HOT TOPICS: Tickets | Training Camp | Roster
STEELERS NATION UNITE: Join for FREE | Login

News

Print

Steelers-by-position: WRs

Posted Feb 17, 2016

Another in a position-by-position series in advance of the start of free agency on March 9.


Another in a position-by-position series in advance of the start of free agency on March 9.

WIDE RECEIVERS – (8)
(Free Agent Scorecard: 1 unrestricted – Darrius Heyward-Bey)

ANTONIO BROWN
With Antonio Brown, hyperbole isn’t necessary. The facts alone are sufficient, and here are some of the facts pertaining to his 2015 season and to his career to this point: In 2015, Brown tied for the league lead with 136 receptions, and he has 265 receptions over the past two seasons to surpass Marvin Harrison (252 in 2001-02) for the most catches in any two-season span in NFL history; and he joined Wes Welker (2007-09) as the only players in NFL history with three consecutive 110-catch seasons (129 in 2014; 110 in 2013). Brown had four 185-yard receiving games in 2015, the most in a single season in NFL history, and he became the only player in NFL history with at least 100 receptions and a punt return-touchdown in multiple seasons and has done so in each of the past three (2013-15). Signed through 2018, Brown’s contract situation is the only issue surrounding him this offseason, and he just doesn’t seem to have it in him to be a holdout. Last offseason the team moved some money from his 2016 base salary into 2015, and Steelers President Art Rooney II has said, “I don’t like to speculate about what we are going to do about a player’s contract. We have had a number of players over the years with whom we’ve had to make contract adjustments. We obviously try to be cautious about how we do that. We will just have to address that as the offseason goes on. AB is a great football player … and we hope he is going to be here for the long term.”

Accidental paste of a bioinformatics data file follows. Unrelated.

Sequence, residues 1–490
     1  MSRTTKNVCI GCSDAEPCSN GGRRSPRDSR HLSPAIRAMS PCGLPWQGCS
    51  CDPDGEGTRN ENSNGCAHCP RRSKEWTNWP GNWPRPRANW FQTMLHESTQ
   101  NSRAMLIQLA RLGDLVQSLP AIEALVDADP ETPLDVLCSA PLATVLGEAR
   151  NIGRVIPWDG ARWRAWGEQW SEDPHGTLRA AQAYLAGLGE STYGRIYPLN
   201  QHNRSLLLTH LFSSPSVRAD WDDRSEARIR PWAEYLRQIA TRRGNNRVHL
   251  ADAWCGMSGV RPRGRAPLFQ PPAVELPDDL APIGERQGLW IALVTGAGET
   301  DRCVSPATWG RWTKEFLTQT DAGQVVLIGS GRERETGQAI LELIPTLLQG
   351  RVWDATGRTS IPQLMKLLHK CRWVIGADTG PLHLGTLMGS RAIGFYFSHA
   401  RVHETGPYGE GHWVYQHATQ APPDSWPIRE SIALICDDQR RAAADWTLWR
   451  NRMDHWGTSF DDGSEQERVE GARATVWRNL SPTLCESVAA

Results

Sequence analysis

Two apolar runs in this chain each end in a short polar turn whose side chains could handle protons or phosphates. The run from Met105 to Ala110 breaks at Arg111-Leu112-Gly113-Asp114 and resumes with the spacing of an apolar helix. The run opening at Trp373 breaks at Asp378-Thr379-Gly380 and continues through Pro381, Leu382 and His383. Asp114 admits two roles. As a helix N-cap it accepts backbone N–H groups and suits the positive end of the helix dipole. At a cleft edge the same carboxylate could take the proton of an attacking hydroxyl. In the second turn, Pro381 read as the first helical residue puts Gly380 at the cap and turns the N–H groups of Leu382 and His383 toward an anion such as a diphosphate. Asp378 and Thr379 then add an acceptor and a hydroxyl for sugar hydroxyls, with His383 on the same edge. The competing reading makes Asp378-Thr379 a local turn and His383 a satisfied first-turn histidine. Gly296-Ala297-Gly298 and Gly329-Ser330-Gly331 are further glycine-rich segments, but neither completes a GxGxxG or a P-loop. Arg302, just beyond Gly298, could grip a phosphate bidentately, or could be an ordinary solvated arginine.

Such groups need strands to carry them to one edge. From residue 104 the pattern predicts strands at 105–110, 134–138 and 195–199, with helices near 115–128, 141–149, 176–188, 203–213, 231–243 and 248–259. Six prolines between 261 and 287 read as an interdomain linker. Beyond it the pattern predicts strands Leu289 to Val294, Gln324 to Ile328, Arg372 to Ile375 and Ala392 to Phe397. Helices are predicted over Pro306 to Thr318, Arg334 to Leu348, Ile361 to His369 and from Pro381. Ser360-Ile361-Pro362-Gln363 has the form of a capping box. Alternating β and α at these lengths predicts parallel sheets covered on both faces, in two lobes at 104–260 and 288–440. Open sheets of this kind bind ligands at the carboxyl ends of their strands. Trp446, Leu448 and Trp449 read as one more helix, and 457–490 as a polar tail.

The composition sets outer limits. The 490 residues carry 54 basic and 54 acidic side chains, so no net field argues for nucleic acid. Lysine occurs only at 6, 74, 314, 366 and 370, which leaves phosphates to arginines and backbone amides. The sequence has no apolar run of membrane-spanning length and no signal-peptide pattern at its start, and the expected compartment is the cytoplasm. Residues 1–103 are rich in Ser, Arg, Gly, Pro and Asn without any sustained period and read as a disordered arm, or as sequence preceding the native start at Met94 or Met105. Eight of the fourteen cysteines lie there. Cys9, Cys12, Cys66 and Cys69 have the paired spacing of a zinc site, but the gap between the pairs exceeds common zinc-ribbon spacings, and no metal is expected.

MARTAVIS BRYANT
His second NFL season began with a four-game suspension for violation of the NFL’s drug policy, and it included a publicly-issued challenge from the starting quarterback. Bryant finished the regular season with 50 catches for 765 yards and six touchdowns, and he added another 14 catches in the playoffs, with nine for 154 yards (17.1 average) coming in the game against the Broncos that Antonio Brown missed with a concussion. Bryant has the skills to be better than Brown, but he doesn’t currently have the work ethic or the professionalism required to get himself to that level as a player. Bryant can go down in franchise history as one of the Steelers’ most dynamic receivers, or he could end up being remembered as the ultimate “what if …” It’s completely within his control, but the belief within the coaching staff is that what Bryant has shown so far is only scratching the surface of what he could be capable of accomplishing/producing.

SAMMIE COATES